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Bite The Bullet

Attack of the (China) Clones (2009-10-22)


1991 was the year that Tokyo Marui's "Marui Man" introduced us to the concept of the automatic electric gun in a video commercial that would reveal the raison d'Ítre of their battery-powered toy gun. In that 10 minute masterpiece, which is now legendary in the airsoft community, we saw the battle between a bunch of guys using clumsy gas-powered rifle set-ups against the super-cool Marui Man using the new sleek Marui method, which used a neat little power solution stored in the stock of the gun. Of course, the battery-powered solution wiped the floor with the gas-powered ones in a slightly cheesy video that gave a slight nod to some of those Chow Yun Fat movies from back in the day. To make their point more apparent, they showed the power that could be unleashed from the mechanical gubbins within by shooting cigarettes (they must have pre-empted the current hostilities towards smoking) and by destroying a red apple.

The Marui man grinned, but despite the smugness, Marui probably wouldn't have predicted back then that the workings of this toy gun would become the benchmark for all other airsoft guns that followed.

A decade on, and Tokyo Marui & the other Japanese manufacturers had enjoyed a golden period in the airsoft industry. New brands popped-up from Japan, Taiwan and Hong Kong, although there was no denying that Marui was the grand-daddy of them all.

The new type Tokyo Marui M4A1 - a popular choice. The workings of the AEG shown in the original Marui Man advert. The Jing Gong M4A1 - one of the better clones out there.

However, a couple of years ago, a new bastard love-child was born that threatened to ruin the party, run off with everyone's wives and make its grand-daddy turn in its grave (even though it wasn't dead yet). It marked the birth of the "China clone". On paper it sounded nice, but slightly naughty - full-metal, low-priced AEGs, which were exact copies of the Tokyo Marui innards. With a market filled with Marui mods, it opened up airsoft to a whole new community; with those on a tight budget or those who don't want to invest heavily on a first gun, it proved to be the ideal solution for them.

There was one big problem however...the production and sales of these replica toy guns on the mainland is kinda illegal. The unruly child enjoyed a bit of naughty fun while it lasted, but there's no running away from the fact that what they were doing is as illegal as smoking crack while driving a stolen car full of prostitutes.

It's 2009 now and China has launched "a crackdown on gun crimes to ensure social stability" (Ministry of Public Security said Tuesday in an online statement). The campaign which started back in March and will end on the 31st October includes confiscating illegal weapons (both real steel and replicas), which also includes seizing groups or individuals who produce them. Source: http://english.people.com.cn/90001/90776/90882/6621164.html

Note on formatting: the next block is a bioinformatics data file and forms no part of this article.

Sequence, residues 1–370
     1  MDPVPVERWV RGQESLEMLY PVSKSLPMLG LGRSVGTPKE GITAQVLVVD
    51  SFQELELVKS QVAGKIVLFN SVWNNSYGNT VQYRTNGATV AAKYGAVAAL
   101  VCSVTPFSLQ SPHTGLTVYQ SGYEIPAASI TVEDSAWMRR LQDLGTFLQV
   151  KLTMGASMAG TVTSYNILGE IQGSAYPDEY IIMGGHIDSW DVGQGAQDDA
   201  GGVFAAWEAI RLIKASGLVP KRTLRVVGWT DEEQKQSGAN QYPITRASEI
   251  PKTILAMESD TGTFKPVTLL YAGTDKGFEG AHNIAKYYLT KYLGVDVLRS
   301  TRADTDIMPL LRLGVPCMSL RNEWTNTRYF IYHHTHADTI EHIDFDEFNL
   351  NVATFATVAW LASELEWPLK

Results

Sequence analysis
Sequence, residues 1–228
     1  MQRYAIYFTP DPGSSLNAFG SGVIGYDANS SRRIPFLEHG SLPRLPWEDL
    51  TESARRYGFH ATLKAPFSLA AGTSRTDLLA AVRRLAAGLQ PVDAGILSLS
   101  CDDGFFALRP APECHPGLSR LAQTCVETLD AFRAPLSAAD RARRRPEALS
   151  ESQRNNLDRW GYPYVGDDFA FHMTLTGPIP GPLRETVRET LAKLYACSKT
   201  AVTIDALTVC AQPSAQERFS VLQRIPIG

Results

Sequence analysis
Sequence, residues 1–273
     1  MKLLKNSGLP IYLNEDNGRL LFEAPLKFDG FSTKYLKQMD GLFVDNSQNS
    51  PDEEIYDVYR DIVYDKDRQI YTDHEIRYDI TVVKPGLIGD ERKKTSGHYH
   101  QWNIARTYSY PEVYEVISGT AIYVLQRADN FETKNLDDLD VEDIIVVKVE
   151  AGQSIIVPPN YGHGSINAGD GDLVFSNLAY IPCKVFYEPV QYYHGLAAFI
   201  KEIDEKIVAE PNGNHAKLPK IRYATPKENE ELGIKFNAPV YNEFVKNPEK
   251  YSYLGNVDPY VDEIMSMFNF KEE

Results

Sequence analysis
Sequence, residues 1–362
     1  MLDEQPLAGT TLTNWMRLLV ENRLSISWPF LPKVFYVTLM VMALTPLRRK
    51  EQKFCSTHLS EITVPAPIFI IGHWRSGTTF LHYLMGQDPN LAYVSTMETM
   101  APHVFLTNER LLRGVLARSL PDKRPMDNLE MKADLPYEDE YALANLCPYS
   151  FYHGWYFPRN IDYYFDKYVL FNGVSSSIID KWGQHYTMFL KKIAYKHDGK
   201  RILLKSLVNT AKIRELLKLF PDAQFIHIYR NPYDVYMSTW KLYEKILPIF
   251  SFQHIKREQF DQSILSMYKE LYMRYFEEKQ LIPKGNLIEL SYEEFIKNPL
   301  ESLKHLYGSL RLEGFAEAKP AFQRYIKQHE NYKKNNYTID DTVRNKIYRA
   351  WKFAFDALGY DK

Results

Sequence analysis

"Shenzhen Customs officers destroy replica guns in the warehouse of its Huizhou anti-smuggling office Thursday. About 2,790 guns and 1,500 kilograms of spare parts were destroyed, Customs officials said Friday. The popularity of field warfare games has contributed to increased demand for replica guns in the domestic market, which has led to an increase in replica gun smuggling cases, officials said. The guns resemble the real thing in color, weight, size and quality, and as such can be used by criminals to threaten victims in robberies and muggings. So far nearly 12,000 smuggled replica guns and spare parts have been seized by the Customs this year". Source: http://szdaily.sznews.com/html/2009-09/28/content_794341.htm

To coincide with the 60th anniversary of the introduction of Communism in China, the government decided to get heavy on the airsoft manufacturers; the boss of AGM was arrested and penalized with a lengthy jail sentence. Also, we've received reports that the A&K factory has been closed indefinitely. And with a reported 34,690 imitation guns seized in Guangdong province alone (source), the question on everyone's lips is - who's next on the chopping block? Does this attack of the clones mean that the Chinese airsoft industry is just a flash in the wok?

What's going to happen to the Chinese airsoft industry now then? Well, the fact that this "industry" was underground in the first place and that they got away with it so long means that there is a likelihood that the factories may continue to product them after the 31st October. There have been rumours about Magpul teaming up with A&K to make an airsoft version of the Masada, but we wouldn't bank on that being likely to come to fruition, what with the happenings going on in China currently.

It's possible that airsoft manufacturers might try to fill the void that might be left from the closure of Chinese factories, by making their own line-up of economy guns. For example, VFC have recently created an "E-series" of guns, with the "E" standing for "economy". It might well be up to Taiwan and Hong Kong to come up with more economical airsoft guns. Or perhaps the balance will swing back to the Japanese manufacturers? It seems, 2 decades on, and we are still turning to Marui Man to come up with the answers...